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A School Principal AND An Underground Railroad Agent; Finding the identity of C.L.R

170 years ago today, Freedom Seeker John Walker arrived in Philadelphia. All arrivals had teams of people to help them and in this case we see that two people, identified only with initials, 'examined' Walker.

One was J.C.W and we are 100% sure that this is Jacob C. White Senior because of the extensive archival evidence in the Jacob C. White series in the Leon Gardiner Collection at the Historical Society of Pennsylvania.

But we wondered who C.L.R. was. 🧐 Fortunately for us, William Still drops hints all over his book (The Underground Railroad) and we found a C.L.R. Person;

"Prof C. L. Reason."

This person had the term 'Prof.' in front of his name - 🏆which is one of those hints🏆. Because while there were several highly educated Black folk in Philadelphia in 1852, only a few of them had the formal higher education at a university that would enable them to use the term 'Professor'.

So we think that C.L.R is 🙌🏾 Charles L. Reason 🙌🏾.

Professor Charles L. Reason, Courtesy

There's a lot written up him on Colored Conventions Project and Wikipedia and the Embassy of Haiti! 🤩 He was the first Black person to teach at a predominantly white college.

We are doing our education tour this Saturday and we'll be walking past the site of the first Institute for Colored Youth (ICY) where he was Principal from 1852 to 1856. So we think he told us that we better mention him on Saturday!

But here's where the find comes in. I don't see Still's Underground Railroad or Journal C as a reference for his biography on any of the above sites. Which means that they haven't included what we love the most about C.L.R - That he was an Agent on the Underground Railroad and gave time, energy and effort to assisting Freedom Seekers to find new lives.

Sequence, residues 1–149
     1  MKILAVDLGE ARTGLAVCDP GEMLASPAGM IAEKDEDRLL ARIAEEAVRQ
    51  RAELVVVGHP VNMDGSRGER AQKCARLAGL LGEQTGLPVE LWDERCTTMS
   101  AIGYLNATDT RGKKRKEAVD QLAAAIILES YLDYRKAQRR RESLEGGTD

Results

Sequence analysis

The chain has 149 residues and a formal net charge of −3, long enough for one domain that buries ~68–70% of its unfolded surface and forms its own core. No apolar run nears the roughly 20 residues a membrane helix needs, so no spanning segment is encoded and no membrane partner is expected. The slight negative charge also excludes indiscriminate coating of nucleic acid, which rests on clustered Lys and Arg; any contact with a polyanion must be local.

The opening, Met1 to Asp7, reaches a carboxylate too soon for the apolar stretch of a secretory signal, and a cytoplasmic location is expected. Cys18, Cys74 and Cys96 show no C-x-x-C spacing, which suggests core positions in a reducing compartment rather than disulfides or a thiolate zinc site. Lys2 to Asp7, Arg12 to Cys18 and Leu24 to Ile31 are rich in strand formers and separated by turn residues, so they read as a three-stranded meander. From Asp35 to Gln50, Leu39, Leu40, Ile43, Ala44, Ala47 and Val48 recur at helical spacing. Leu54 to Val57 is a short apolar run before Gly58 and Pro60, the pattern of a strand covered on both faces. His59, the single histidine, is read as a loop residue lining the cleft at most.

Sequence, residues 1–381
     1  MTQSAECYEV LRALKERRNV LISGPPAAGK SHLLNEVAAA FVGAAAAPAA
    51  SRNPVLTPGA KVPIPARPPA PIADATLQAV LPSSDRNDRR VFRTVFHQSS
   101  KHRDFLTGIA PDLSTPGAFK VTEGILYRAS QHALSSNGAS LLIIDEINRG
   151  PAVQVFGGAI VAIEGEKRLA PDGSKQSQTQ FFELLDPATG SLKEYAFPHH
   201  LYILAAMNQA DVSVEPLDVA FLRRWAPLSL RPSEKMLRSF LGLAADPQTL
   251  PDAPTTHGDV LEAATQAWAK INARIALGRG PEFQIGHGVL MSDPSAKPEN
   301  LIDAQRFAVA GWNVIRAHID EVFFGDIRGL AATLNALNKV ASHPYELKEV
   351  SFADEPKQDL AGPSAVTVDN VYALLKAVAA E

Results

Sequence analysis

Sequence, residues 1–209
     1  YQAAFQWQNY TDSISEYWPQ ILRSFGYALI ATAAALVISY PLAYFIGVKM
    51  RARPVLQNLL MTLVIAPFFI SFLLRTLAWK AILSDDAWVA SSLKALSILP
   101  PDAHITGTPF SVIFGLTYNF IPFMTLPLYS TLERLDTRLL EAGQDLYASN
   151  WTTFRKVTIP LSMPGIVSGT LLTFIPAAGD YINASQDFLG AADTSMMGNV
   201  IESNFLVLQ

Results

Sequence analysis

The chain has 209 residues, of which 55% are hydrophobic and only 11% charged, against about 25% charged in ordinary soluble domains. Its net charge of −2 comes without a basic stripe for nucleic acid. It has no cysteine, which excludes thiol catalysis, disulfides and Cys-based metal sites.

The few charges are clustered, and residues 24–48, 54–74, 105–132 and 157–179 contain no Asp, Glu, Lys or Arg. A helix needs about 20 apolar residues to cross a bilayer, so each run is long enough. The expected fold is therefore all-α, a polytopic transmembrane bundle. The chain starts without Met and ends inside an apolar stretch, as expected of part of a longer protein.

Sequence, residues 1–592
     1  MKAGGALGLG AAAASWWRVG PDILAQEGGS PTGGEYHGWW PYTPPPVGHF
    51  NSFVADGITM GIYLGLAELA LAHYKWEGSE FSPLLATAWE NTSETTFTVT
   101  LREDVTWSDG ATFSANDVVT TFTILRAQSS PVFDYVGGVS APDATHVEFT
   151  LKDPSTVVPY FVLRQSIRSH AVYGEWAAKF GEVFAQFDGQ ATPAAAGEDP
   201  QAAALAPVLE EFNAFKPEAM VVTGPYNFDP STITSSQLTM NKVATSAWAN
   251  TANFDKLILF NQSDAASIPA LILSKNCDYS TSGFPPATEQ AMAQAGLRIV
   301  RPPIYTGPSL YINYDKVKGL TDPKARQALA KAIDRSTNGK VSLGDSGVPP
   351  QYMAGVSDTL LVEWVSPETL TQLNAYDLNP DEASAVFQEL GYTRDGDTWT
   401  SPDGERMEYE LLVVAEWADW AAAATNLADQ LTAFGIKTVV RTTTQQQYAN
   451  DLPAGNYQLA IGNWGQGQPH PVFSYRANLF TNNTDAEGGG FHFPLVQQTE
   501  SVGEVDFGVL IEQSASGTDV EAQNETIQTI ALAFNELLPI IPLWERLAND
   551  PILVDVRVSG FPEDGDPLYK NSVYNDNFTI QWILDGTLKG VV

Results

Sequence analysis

He's mentioned in the Underground Railroad where William Still reprints a December 9, 1852 Pennsylvania Freeman article describing the founding of the 1852 Vigilance Committee. He was one of the founders of the 1852 Vigilance Committee.

According to the Wikipedia page, he moved to Philly to take the ICY position in 1852. This means that he was immediately involved in emancipation activities.

He is mentioned three times in William Still's Journal C.

April 7, 1853

September 13, 1853 (170 years ago today!)

October 27, 1853

So we contend a lot on this site:

We contend that Philadelphia was a regional center for the flow of education, commerce, political and religious activities for the entire East Coast nation-within-a-nation of free Black people in the United States.

Professor Reason's move from New York to Philly to teach is one indicator of the education flow.

We contend that thousands of free Black people in Philadelphia gave significant portions of their time and energy to emancipation activities.

Here we see that professor Charles. L. Reason was certainly an example of that.

Click to read his thoughts on education here:

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